Holidays and Cat Dangers

by Rita Reimers

Decorating for the Holidays

Avoid these cat hazards to keep your holidays happy!

cat vetThe holidays are upon us again, and in all the excitement and rushing around we sometimes forget about our furry companions. Decorations, holiday preparations, and parties might be fun, but they can create dangers and stress for both you and your cat.

Please consider the following as you prepare for the festivities, so you and your cat and have a peaceful and happy holiday:

  • Holiday decorations with glue and glitter may attract your cat, but can cause harm if eaten. Hang those high on your tree or mantle, or better yet avoid them altogether.
  • If you put up a tree, your cat may decide to try to climb it. Also, watch those low hanging ornaments; noses and tails can knock them over and your cat may get hurt on the broken pieces.
  • Wrapping your packages with ribbons and string may be irresistible to kitty if she decides to chew on them. These items can get twisted inside your cat’s intestines if swallowed, and that could prove fatal.
  • Poinsettia plants are among the most toxic of plants for cats and can be fatal if eaten. Skip them if you have a cat, or you may end up with a very sick kitty and a vet bill you didn’t count on.
  • Be careful using candles! Noses and tails could get burned if your cat decides to get too close!
  • If you have a party, it might be a good idea to put your cat in a separate room with a cozy bed, his favorite treats, and maybe some soothing music. Put a “do not enter” sign on the door. The sight of a house full of strangers can panic a cat, and all the opening and closing of your front door could also give your cat ample opportunity to escape into the night. One of our clients at Cats 90210 LA Cat Sitting hires us to stay with his kitty and keep her company in a seperate room whenever he gives a party.

Also, don’t forget to make time to give your cat playtime and lots of love. In the business of the season, it’s easy for your cat to get neglected. Do remember to give your kitty a gift! A special toy or treat will make your kitty feel like she is part of the celebration. 

The love she gives you all year long is worth these simple steps to ensure your cat remains a healthy and happy part of your family.


Is My Cat Sick?

If your are asking that question, then he probably is.

cat vetAs owner of a pet sitting company that visits only cats, I am often asked questions about cats and their health needs. The number one question I hear all the time from both clients and friends alike is “Does my cat need to see the vet?”

My first response is always YES! No one knows your cat better than you do, so if that question is even crossing your mind, then you already suspect something is wrong.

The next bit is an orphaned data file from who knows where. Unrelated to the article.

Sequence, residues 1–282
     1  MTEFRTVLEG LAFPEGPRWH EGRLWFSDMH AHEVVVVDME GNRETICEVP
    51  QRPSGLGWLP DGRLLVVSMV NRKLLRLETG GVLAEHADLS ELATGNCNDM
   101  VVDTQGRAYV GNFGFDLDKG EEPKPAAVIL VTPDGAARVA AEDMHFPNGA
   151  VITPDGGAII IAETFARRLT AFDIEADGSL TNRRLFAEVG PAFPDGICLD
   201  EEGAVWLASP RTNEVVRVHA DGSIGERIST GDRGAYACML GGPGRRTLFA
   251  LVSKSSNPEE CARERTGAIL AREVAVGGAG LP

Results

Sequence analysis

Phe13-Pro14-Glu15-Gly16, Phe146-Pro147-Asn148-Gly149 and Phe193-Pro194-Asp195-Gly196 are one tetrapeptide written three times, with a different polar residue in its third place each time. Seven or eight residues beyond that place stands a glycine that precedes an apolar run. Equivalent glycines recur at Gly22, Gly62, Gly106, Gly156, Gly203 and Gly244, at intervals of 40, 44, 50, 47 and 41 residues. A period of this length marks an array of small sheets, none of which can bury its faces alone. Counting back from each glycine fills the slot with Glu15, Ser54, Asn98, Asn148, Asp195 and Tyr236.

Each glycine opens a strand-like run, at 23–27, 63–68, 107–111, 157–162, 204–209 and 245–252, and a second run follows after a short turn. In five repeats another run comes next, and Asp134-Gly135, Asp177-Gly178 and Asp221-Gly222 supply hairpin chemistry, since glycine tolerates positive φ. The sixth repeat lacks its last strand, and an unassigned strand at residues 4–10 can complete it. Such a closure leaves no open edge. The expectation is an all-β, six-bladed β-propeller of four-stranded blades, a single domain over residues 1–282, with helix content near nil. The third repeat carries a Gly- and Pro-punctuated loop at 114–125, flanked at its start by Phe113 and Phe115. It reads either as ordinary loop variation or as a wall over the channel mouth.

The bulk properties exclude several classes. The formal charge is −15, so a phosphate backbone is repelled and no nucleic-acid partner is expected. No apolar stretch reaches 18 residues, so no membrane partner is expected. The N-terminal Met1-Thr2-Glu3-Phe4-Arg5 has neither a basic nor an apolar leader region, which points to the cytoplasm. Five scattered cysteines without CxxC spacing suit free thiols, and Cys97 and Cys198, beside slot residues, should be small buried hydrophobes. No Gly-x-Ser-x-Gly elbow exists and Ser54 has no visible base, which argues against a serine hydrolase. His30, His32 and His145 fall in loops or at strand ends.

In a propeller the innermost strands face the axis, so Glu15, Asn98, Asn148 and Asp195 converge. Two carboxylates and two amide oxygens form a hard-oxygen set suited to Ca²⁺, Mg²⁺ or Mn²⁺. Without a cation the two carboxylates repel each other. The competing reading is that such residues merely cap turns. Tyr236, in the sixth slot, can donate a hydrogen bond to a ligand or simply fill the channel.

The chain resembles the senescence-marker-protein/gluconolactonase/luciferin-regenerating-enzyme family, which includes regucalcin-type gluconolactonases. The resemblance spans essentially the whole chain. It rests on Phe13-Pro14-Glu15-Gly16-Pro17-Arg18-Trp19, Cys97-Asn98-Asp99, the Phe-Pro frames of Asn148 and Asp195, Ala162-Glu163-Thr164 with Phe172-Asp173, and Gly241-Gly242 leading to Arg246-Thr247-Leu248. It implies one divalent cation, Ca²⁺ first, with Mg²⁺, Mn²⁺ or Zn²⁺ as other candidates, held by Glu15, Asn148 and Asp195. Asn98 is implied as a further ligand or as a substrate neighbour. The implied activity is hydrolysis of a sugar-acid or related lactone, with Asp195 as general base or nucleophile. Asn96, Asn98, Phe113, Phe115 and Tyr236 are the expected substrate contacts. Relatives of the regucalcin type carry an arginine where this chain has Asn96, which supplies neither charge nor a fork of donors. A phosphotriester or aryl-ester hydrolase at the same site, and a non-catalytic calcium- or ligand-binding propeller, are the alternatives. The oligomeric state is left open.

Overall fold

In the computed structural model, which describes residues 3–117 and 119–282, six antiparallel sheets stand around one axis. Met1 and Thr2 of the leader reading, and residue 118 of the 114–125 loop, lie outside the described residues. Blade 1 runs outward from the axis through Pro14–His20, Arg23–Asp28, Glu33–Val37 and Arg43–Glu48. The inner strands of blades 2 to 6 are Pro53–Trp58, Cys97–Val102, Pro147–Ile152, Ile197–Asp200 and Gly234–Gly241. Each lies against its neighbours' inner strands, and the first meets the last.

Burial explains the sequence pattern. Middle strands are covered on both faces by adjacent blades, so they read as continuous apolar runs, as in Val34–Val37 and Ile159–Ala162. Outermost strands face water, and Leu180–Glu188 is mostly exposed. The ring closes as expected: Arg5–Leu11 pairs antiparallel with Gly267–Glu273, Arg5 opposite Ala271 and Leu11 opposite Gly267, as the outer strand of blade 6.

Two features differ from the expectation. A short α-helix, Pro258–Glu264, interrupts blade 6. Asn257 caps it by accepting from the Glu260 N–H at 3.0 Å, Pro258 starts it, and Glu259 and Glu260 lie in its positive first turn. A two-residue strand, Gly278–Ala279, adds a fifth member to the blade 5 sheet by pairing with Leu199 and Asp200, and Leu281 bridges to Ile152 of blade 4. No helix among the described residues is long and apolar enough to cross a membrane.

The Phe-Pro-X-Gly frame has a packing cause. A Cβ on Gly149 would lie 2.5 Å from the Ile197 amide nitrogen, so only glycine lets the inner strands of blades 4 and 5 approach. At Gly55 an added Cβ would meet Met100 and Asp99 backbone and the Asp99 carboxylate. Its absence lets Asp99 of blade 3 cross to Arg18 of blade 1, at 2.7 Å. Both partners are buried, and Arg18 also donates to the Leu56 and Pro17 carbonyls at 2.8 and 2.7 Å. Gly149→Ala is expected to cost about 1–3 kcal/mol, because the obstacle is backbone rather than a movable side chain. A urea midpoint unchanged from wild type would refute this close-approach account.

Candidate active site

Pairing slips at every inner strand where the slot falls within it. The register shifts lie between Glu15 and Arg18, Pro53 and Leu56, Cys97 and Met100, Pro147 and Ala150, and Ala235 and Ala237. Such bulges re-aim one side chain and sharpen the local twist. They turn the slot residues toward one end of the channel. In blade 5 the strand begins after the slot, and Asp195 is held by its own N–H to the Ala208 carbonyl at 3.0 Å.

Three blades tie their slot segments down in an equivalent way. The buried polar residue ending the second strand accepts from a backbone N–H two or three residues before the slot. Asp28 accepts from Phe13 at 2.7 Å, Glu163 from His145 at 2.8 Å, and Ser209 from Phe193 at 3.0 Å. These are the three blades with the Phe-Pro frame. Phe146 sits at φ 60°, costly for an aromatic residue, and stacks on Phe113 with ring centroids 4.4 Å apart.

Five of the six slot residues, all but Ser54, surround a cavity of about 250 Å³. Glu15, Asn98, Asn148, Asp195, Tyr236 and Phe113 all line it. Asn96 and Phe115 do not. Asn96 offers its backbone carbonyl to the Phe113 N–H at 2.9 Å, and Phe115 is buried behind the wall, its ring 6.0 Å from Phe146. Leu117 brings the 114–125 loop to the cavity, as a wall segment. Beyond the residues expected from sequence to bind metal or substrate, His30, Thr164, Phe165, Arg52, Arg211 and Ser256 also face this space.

Sometimes it’s a subtle shift in behavior that perhaps someone who doesn’t know your cat well would not even notice. One reason we assign one primary cat sitter to each of our clients at Just For Cats Pet Sitting is so they get to know your cats well enough to notice these subtle signs.

But sometimes things are more obvious. Here are some tell-tale signs that your cat is in need of medical attention:

  • Decreased Appetite is the number one sign that something is wrong. If your cat is not eating or drinking, this can be a sign that your cat is ill, and this should not be taken lightly. Just 3 days without food could result in Fatty Liver Disease, which is very serious and often fatal.
  • Lethargy is another sign something is going on that could be a medical problem, such as Urinary Blockages or Anemia.
  • Increased Urination and Thirst could indicate Feline Diabetes or the beginning stages of Kidney Failure, to name a few possibilities.
  • Decreased Urination might be caused by urinary blockages such as Crystals or Stones, a Urinary Tract Infection or even the chronic urinary tract disease known as FLUTD.
  • Urination Outside The Box could be a behavior issue but it also could indicate a medical issue, like the ones mentioned above. Before soliciting the assistance of a Cat Behavorist, be sure to rule out any organic causes first. Also please refer to my Behavior Blog, where I wrote an article about Litter Box Avoidance and tips to keep your kitty “going” inside the box.

I cannot stress enough: If you think something is wrong, you are probably right! A check up with your veterinarian will give you both peace of mind.


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